Medical and pharmacological research and development require reagents and buffers that are free of endotoxin contamination. The presence of endotoxins (nonviable bacterial components), causes issues of varying severity, depending on the use of the reagent or buffer. In laboratory research, problems range from variable results in cell culture experiments to severe immune responses in animal models, potentially resulting in death. In the production or clinical trial phases of therapeutic development, the consequences of endotoxin contamination are more serious with the risk of patient exposure leading to fever, septic shock, and even death.
Endotoxin testing is required to eliminate issues associated with using contaminated reagents. The endotoxin test is distinct from the sterility tests that detect live microorganisms. This article introduces endotoxins and explains what endotoxin testing is, why it is important, and how endotoxin testing at Teknova is performed to ensure product quality.
What are Endotoxins?
Endotoxins are the most common pyrogens, defined as substances that can induce fever. Specifically, they are the lipid A component from the outer membrane of the cell wall of Gram-negative bacteria that is typically released upon cell death or lysis. In addition to increasing variability in cell culture experiments, endotoxins can cause mild to severe immune responses in animal models and humans. Severe reactions can lead to death. Therefore, sterility testing (the detection of live microorganisms) alone is not enough to ensure the high quality of products necessary for research and pharmaceutical development. The significant burden posed by endotoxins requires reagent and buffer manufacturers to specify the endotoxin content of these products after conducting endotoxin testing.
What is Endotoxin Testing?
Endotoxin testing is the process by which manufacturers detect and quantify the endotoxins in reagents for laboratory and clinical use. Knowing the exact levels of endotoxins in buffers and reagents provides additional confidence in these products.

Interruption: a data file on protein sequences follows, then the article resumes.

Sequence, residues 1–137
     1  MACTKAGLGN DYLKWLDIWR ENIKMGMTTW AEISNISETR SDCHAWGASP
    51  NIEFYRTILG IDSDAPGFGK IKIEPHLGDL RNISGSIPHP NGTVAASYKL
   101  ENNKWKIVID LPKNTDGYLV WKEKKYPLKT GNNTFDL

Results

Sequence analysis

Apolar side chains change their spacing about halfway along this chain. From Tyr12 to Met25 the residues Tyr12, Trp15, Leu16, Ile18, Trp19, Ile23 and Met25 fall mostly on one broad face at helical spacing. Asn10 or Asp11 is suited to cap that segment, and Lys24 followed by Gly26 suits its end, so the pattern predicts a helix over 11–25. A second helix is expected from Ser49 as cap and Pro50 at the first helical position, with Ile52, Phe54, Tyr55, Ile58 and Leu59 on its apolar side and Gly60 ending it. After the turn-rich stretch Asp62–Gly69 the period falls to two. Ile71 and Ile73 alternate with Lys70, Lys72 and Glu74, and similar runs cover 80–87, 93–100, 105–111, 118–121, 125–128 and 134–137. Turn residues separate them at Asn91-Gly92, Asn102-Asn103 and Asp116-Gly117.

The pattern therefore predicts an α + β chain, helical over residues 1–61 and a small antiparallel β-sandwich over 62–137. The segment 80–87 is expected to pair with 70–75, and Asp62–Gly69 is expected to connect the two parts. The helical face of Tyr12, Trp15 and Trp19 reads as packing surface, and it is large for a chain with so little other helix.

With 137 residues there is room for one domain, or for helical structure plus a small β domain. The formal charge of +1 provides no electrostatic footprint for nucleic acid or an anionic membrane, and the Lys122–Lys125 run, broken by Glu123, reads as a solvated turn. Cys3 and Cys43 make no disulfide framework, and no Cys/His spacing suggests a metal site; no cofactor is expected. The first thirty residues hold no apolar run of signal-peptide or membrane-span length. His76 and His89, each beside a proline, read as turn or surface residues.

The United States Pharmacopeia (USP) specifies how buffer and reagent manufacturers are to conduct these tests. The bacterial endotoxins test (BET) is described in USP Chapter 85 (USP <85>). The BET is implemented at Teknova at every step of the manufacturing process, resulting in high-quality products that have been rigorously inspected for endotoxins.
Method of Endotoxin Testing at Teknova
The most common method of endotoxin detection is the Limulus amebocyte lysate (LAL) test. LAL is extracted from the amebocytes (immune-responsive blood cells) of the horseshoe crab, Limulus polyphemus. When the amebocytes detect endotoxins (a sign to the immune system of an invading pathogen), the proteins involved in the immune response clot around the endotoxins. This reaction forms the basis of the LAL test, which involves a series of enzymatic steps, and is used in different methods to test for endotoxins. The LAL test is well established, having originated in the 1970s and is the required choice for compliance with USP <85>.
The most commonly employed methods for the LAL test are gel-clot, turbidimetric, and chromogenic detection (see Table 1). We use the chromogenic method, which combines high-throughput detection with high sensitivity.
In the chromogenic LAL assay, the sequence of enzymatic reactions from endotoxin exposure results in the release of a yellow substrate that can be measured by spectrophotometry. This substrate can be detected at the reaction endpoint or monitored kinetically over time. At Teknova, we employ the kinetic method, which is significantly more sensitive than the endpoint method. The limits of detection are 0.005 EU/mL for the kinetic and 0.1 EU/mL for the endpoint method, where EU is one International Unit of endotoxin.
Table 1. Comparison of Limulus amebocyte lysate (LAL) test methods.
|LAL test method||What is measured?||Qualitative or quantitative||Limit of detection (EU/mL)*|
|Gel-clot||Presence or absence of a clot||Qualitative/Semi-quantitative||0.015|
* The limit of detection is the lowest amount of endotoxin that can be measured.
The presence of certain substances can lead to test interference, which manifests as either test enhancement or inhibition. However, including a positive product control (the product with endotoxin added) helps alleviate these challenges. We adhere strictly to the USP guidelines, which require this control for every sample. Additionally, we employ different methods to manage endotoxin masking, also known as low endotoxin recovery. Options include adding diluents to the reaction wells to increase endotoxin recovery and using additives to reduce the likelihood of interference.
Whether you are doing research or moving toward commercialization of a product, we ensure the quality of endotoxin-tested products by measuring endotoxin levels at every step in the manufacturing process: water for production, prefiltration, and final product. We provide endotoxin levels on the certificate of analysis. In addition, we will work with you to define endotoxin levels for your custom products.